In their articles dealing with self-hood and the authorial voice of the Victorian woman writer, Iain Crawford and Alexis Easley tie the role of the author and the way they are perceived by society directly to gender. Such a connection holds particularly true in the nineteenth century, as gender itself was a large determinant for individual agency. A commonly held belief of the period concerned “the two spheres”, in which the sphere of vocation was gendered as male, while the sphere of the domestic was gendered as female. In their articles, Crawford and Easley show how both Harriet Martineau and Elizabeth Gaskell complicate the separation inherent to the ‘two spheres’ by attempting to move from one to the other through authorship. Though the move is successful, how does it impact the selfhood of the two women and the way they are perceived by their society?
Crawford’s article on Martineau and authorship contextualizes the selfhood of the author in relation to a very heated disagreement Martineau herself had with Charles Dickens. At the time, Martineau was writing for Household Words, a periodical conducted by Dickens. After a difference of opinion regarding government legislation of factories, the two began a heated disagreement, resulting in Martineau’s decision to cease contribution to Household Words. Interestingly, Crawford positions the two authors in their ‘very public spat’ not in terms of ideology (the progressive Dickens vs. the conservative Martineau), but in terms of gender: “Dickens’s reliance upon his male friends and colleagues, together with his creation of an alternative home in the bachelor domestic space of the Household Words office, suggests powerfully the ways in which the lines between the professional and the personal blurred” (462). Crawford suggests that because the authorial space is gendered as male, a type of ‘boys club’, Martineau had no place in it once her opinion clashed with Dickens the conductor. Crawford may be suggesting that if Martineau had not been a woman, a disagreement with Dickens may not have met with rejection from the male sphere of authorship.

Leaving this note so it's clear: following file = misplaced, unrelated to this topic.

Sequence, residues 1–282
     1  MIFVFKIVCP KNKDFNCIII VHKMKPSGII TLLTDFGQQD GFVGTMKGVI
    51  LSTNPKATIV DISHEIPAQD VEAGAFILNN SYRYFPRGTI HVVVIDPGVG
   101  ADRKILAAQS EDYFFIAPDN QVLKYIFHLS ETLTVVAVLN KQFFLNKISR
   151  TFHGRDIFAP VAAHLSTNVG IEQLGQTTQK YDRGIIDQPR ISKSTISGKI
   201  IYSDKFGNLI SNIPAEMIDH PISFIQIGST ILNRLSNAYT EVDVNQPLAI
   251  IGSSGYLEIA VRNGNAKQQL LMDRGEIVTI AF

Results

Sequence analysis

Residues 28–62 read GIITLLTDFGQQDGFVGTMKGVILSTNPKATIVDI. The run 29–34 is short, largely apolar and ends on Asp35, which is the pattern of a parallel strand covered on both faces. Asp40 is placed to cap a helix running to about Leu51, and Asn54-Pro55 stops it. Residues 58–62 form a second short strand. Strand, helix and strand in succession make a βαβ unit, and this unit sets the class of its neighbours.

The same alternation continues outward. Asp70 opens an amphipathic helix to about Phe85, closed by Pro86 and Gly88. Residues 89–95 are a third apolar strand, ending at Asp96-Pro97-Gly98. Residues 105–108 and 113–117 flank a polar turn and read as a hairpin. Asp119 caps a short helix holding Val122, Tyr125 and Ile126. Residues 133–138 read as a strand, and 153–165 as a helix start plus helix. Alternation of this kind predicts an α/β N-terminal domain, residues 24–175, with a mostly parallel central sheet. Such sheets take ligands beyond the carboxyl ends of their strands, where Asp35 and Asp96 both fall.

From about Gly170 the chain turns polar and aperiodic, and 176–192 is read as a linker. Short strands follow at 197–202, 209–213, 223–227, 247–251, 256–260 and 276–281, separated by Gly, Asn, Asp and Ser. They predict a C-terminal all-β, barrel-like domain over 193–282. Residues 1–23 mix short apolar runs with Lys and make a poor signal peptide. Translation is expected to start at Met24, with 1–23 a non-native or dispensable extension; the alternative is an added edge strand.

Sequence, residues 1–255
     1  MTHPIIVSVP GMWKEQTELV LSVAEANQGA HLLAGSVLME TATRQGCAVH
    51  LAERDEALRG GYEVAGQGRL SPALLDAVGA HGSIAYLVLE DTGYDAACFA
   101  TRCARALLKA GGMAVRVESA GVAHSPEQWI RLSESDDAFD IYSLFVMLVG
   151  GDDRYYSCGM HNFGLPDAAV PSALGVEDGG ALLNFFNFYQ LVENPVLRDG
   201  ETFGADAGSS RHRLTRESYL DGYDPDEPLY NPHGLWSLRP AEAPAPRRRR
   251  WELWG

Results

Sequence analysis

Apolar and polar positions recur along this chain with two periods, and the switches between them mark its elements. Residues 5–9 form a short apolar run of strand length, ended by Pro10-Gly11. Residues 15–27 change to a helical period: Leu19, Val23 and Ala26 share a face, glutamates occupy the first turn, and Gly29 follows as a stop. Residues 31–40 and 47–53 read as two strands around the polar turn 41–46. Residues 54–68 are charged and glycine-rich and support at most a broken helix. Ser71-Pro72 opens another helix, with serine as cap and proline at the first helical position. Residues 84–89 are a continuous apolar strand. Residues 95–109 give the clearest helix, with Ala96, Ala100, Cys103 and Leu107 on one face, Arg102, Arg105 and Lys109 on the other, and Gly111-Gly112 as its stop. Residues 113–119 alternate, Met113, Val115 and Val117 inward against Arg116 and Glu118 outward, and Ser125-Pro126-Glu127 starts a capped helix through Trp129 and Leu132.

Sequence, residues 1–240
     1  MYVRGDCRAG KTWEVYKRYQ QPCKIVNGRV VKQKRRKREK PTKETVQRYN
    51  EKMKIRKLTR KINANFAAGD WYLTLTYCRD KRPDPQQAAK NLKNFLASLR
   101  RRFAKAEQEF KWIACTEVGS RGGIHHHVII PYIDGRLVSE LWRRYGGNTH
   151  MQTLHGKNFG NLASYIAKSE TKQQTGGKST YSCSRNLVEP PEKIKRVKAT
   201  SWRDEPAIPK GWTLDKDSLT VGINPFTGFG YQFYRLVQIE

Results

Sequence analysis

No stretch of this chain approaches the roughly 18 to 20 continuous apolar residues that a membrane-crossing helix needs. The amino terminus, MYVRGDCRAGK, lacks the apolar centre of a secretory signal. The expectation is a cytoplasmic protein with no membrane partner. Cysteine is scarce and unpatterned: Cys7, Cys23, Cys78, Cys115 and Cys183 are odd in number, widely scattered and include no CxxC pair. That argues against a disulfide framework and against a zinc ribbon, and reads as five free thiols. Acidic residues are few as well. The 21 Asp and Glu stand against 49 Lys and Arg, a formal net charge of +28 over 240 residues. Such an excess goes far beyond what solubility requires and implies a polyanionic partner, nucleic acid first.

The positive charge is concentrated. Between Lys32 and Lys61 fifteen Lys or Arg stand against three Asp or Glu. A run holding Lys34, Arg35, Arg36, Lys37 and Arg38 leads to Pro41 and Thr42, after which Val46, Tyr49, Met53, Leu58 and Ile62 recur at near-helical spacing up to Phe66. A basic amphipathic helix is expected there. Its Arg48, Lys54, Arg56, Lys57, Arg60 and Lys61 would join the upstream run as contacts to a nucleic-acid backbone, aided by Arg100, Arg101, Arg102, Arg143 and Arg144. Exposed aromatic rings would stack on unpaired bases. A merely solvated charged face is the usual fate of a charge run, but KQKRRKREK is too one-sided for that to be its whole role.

It is also interesting to note that in this debate, both Martineau and Dickens seem to take on stereotypes belonging to the opposite gender. Martineau is the voice of logic divorced from emotion, arguing in favor of free enterprise and the necessity to keep government out of market regulation – a typically ‘male view’. On the other hand, Dickens is full of pathos, and writes pieces for Household Words (‘Ground in the Mill’) that describe the horrors of factory conditions – a perspective filled with ‘feminine emotion’. Crawford even states that Martineau regarded Dickens as “someone whose brilliant emotional range she could admire in his work as a novelist while simultaneously suggesting that this very emotionality rendered him quite incapable of the dispassionate objectivity essential in an editor who claimed to shape the public sphere” (478). Moving from the vocation to the domestic, Martineau must also sacrifice the public perception of what her gender should be.
However, the same does not seem to hold true for Gaskell. Though a vocal champion of social causes also attempting to break into the vocational sphere as an author, Gaskell seems able to bring her sense of selfhood as a woman and wife into her role as author. Gaskell beautifully ‘marries’ her vocation and domestic identity together, and the society of her time seems to accept this more willingly. As Easley tells us: “Gaskell’s image of sympathetic middle-class femininity was reinforced by her public appearances in London … she came to be seen as a model of the useful middle-class woman author – the charming ‘Mrs. Gaskell’, whose domestic moralism could be converted into new forms of gendered literary activism” (98). Rather than hiding or subverting her gendered identity, Gaskell used it to give a greater voice to her cause. Incidentally, Gaskell also wrote for Household Words, and in a letter date Nov 25th of1851 Dickens addresses her as ‘My Dear Scheherazade’ – perhaps Dickens does not ‘feel threatened’ by an author who has ‘embraced her female identity’ .
Gaskell’s bringing together of her identity as author and woman makes even more sense when considering her biography of Charlotte Bronte. It is easy to believe that the traits she admired in the author she so loved were attempted by her in emulation. As she says of Bronte, “… nor can she drop the domestic charges devolving on her as an individual, for the exercise of the most splendid talents that were ever bestowed. And yet she must not shrink from the extra responsibility implied by the very fact of her possessing such talents” (272). For Gaskell, both ‘gendered’ forms of identity must be at work.
Both Harriet Martineau and Elizabeth Gaskell attempt to cross from one sphere to the other. In Martineau’s case, this move leads to collision of the two spheres, along with a collision of selfhood and identity; for Gaskell, the two spheres and identities cohabit with one another.